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The Generalized System of Preferences, or GSP, is a preferential tariff system which provides tariff reduction on various products. The concept of GSP is very different from the concept of MFN. MFN status provides equal treatment in the case of tariff being imposed by a nation but in case of GSP differential tariff could be imposed by a nation on various country whether it is a developed country or a developing country. Both the rules comes under the purview of WTO.

GSP provides tariff reduction for least developed countries but MFN is only for not discriminating among WTO members.



The idea of tariff preferences for developing countries was the subject of considerable discussion within the United Nations Conference on Trade and Development (UNCTAD) in the 1960s. Among other concerns, developing countries claimed that MFN was creating a disincentive for richer countries to reduce and eliminate tariffs and other trade restrictions with enough speed to benefit developing countries.

In 1971, the GATT followed the lead of UNCTAD and enacted two waivers to the MFN that permitted tariff preferences to be granted to developing country goods. Both these waivers were limited in time to ten years. In 1979, the GATT established a permanent exemption to the MFN obligation by way of the enabling clause. This exemption allowed contracting parties to the GATT (the equivalent of today's WTO members) to establish systems of trade preferences for other countries, with the caveat that these systems had to be "generalized, non-discriminatory and non-reciprocal' with respect to the countries they benefited (so-called "beneficiary" countries). Countries were not supposed to set up GSP programs that benefited just a few of their "friends.'


From the perspective of developing countries as a group, GSP programs have been a mixed success. On one hand, most rich countries have complied with the obligation to generalize their programs by offering benefits to a large swath of beneficiaries, generally including nearly every non-OECD member state. Certainly, every GSP program imposes some restrictions. The United States, for instance, has excluded countries from GSP coverage for reasons such as being communist (Vietnam), being placed on the U.S. State Department's list of countries that support terrorism (Libya), and failing to respect U.S. intellectual property laws.[1]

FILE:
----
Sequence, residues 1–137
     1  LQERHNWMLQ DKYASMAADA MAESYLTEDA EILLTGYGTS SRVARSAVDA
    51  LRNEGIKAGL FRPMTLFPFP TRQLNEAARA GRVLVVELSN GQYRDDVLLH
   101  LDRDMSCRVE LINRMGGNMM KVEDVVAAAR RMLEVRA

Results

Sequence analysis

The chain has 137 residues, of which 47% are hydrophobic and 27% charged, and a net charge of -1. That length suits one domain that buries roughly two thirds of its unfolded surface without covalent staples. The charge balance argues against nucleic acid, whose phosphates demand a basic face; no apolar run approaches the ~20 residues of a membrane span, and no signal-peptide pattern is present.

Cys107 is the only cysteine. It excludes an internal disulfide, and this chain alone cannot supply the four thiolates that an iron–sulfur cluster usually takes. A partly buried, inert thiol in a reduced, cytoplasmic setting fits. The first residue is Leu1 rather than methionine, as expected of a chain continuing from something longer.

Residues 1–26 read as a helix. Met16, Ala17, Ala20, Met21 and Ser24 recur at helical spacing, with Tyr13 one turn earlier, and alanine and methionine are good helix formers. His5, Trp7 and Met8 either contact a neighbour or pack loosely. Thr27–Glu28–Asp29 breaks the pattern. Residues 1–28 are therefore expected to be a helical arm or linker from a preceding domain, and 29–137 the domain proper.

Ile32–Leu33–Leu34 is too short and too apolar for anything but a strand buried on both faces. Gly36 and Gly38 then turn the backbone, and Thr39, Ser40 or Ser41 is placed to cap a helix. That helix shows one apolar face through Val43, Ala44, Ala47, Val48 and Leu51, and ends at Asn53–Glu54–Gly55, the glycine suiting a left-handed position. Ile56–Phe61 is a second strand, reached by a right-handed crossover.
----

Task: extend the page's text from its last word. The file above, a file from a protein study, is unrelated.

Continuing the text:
Criticism has been leveled noting that most GSP programs are not completely generalized with respect to products, and this is by design. That is, they don't cover products of greatest export interest to low-income developing countries lacking natural resources. In the United States and many other rich countries, domestic producers of "simple" manufactured goods, such as textiles, leather goods, ceramics, glass and steel, have long claimed that they could not compete with large quantities of imports. Thus, such products have been categorically excluded from GSP coverage under the U.S. and many other GSP programs. Critics assert that these excluded products are precisely the kinds of manufactures that most developing countries are able to export, the argument being that developing countries may not be able to efficiently produce things like locomotives or telecommunications satellites, but they can make shirts.

Supporters note that even in the face of its limitations, it would not be accurate to conclude that GSP has failed to benefit developing countries, though some concede GSP has benefited developing countries unevenly. Some assert that, for most of its history, GSP has benefited "richer developing" countries - in early years Mexico, Taiwan, Hong Kong, Singapore, and Malaysia, more recently Brazil and India - while providing virtually no assistance to the world's least developed countries, such as Haiti, Nepal, and most countries in sub-Saharan Africa. The U.S., however, has closed some of these gaps through supplemental preference programs like the African Growth and Opportunity Act and a newer program for Haiti and Europe has done the same with Everything But Arms.

See alsoEdit


  1. ^ "2006 Wikileaks leaked cable from US Ambassador Sobel in Brasilia to WHA Assistant Secretary Shannon". Archived from the original on 2011-07-18.

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